Thursday, April 12, 2007


It was said of Abba Agathon that for three years he lived with a stone in his mouth, until he had learned to keep silence.

What one discover in patience is the virtue of silence (hesychia). It is in silence and stillness that we develop attentiveness and awareness. It is through this attentiveness and awareness that we come to self-knowledge. The desert fathers and mothers are very aware of the importance of silence.

It is through the spiritual discipline of silence that we can hear, be aware of, and be sensitive to what is happening around us, and within us.

Silence is not the absence of sounds, of words, and of voices. It is the pause between sounds, between words, and between voices. It makes sense of what is spoken and what is unspoken. Silence is also the thread that holds our words and our actions. It is not an absence that makes silence, but a fullness of a presence.

We use words to justify ourselves, to defend our actions, to extend our influence, and to define our self-identity. Silence deconstructs us. Silence is a dying to self. Silence is a way of surrendering self in the hope of a resurrection.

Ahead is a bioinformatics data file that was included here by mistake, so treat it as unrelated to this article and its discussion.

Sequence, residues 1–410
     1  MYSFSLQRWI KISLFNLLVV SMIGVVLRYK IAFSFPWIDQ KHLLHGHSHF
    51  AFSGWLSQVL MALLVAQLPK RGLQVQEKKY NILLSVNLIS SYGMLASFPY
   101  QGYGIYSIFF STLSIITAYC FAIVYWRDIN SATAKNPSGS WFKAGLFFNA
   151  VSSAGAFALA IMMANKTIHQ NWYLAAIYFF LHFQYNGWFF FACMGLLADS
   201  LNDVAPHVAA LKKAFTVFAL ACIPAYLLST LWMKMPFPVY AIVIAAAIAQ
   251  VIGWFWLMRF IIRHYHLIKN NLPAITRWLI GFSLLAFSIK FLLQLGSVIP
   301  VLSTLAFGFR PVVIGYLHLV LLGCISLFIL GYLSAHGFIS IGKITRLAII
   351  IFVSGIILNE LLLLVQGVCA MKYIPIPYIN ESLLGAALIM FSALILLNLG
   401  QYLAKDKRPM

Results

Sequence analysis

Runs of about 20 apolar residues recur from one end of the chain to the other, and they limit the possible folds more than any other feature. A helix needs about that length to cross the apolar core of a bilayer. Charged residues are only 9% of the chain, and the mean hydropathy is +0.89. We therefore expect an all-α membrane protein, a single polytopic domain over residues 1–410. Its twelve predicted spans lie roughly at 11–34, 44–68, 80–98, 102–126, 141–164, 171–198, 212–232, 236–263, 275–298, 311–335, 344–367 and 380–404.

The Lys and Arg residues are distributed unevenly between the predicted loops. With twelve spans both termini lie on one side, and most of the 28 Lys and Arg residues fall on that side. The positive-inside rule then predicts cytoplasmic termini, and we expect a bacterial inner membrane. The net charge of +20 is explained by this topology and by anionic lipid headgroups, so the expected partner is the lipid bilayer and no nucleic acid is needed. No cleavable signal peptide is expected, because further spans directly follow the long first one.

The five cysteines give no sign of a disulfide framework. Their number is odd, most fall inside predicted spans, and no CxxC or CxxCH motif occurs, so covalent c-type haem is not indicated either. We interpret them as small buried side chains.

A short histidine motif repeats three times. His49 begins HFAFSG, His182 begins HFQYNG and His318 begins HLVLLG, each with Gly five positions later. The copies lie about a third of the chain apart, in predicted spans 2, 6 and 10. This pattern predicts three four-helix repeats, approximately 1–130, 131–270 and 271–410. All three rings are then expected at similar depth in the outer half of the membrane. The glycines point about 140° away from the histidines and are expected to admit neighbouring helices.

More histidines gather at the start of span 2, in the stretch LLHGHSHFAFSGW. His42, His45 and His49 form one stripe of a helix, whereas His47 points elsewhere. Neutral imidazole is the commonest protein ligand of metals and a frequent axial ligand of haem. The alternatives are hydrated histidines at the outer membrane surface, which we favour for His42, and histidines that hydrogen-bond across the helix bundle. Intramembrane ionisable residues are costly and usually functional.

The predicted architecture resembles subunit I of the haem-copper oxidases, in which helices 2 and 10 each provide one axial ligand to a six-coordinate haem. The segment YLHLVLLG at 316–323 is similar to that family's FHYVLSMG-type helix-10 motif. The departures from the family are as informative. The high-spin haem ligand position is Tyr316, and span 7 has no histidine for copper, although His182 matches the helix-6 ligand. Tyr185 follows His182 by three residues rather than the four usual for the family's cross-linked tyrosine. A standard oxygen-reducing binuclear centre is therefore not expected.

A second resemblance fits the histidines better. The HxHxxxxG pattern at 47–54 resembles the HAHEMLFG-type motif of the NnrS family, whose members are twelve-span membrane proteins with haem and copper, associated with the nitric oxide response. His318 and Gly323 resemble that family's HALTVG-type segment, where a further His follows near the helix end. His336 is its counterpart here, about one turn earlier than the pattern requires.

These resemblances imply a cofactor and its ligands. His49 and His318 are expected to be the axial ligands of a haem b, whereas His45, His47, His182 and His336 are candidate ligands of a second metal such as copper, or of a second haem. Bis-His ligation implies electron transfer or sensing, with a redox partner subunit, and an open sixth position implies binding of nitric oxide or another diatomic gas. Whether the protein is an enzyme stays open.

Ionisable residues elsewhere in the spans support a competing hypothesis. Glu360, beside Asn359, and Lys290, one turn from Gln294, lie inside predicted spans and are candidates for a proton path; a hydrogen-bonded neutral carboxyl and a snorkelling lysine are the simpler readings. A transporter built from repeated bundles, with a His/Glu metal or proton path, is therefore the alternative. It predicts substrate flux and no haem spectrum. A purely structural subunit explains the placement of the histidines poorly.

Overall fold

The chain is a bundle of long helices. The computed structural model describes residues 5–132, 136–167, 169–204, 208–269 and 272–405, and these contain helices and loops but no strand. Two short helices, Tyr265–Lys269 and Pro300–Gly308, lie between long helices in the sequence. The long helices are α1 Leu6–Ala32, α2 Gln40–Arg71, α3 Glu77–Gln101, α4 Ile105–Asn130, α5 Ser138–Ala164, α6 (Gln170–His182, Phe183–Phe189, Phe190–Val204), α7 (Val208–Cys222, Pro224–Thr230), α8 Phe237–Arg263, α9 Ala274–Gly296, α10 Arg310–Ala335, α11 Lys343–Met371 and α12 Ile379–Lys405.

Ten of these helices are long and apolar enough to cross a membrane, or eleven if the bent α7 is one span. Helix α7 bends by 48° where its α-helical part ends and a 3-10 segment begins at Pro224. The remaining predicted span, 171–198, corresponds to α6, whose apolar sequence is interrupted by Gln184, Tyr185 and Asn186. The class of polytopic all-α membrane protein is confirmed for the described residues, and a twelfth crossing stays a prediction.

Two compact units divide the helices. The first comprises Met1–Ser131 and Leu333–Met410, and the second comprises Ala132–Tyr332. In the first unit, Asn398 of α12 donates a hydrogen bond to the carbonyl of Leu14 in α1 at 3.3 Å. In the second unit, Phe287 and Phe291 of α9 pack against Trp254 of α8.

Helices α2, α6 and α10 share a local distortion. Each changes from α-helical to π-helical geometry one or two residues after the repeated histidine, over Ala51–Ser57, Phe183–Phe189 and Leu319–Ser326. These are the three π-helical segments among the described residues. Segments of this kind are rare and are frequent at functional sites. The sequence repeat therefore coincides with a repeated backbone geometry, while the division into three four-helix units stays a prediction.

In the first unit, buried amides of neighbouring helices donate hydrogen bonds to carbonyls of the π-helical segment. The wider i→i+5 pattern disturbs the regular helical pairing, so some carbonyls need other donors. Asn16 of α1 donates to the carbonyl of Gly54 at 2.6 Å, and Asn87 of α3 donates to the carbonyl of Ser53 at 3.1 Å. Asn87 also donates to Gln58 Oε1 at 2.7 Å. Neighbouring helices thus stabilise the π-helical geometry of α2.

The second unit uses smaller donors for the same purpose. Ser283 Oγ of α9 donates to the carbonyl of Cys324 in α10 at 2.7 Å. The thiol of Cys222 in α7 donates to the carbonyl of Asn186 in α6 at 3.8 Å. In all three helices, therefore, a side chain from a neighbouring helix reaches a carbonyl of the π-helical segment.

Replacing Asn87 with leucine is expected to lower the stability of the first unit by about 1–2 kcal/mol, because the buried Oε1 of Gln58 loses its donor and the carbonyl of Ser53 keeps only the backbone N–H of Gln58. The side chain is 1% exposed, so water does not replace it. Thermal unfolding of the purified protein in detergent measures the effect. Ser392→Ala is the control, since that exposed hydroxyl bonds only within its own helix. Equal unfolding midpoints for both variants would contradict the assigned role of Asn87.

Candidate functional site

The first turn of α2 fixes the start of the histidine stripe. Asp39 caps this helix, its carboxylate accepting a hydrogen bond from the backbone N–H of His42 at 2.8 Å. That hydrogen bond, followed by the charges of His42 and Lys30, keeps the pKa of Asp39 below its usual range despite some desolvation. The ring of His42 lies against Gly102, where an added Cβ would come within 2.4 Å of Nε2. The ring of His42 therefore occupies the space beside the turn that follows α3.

Abba Alonius said:"If I had not destroyed myself completely, I would not have been able to rebuild and reshape myself again."

Silence never comes easy. We are always impatient to speak. Have you even wonder why do we need to speak? What motivates our speech?

Abba Poemen said: "Someone may seem to be silent, but if in the heart one is condemning others, then one is babbling ceaselessly. And there may be another who talks from morning till evening, and yet in the heart that person is truly silent. That person says nothing that is not profitable."

It is said that the language of God is silence. The language we shall speak in heaven. Is that why we find it so difficult to speak it here on earth?


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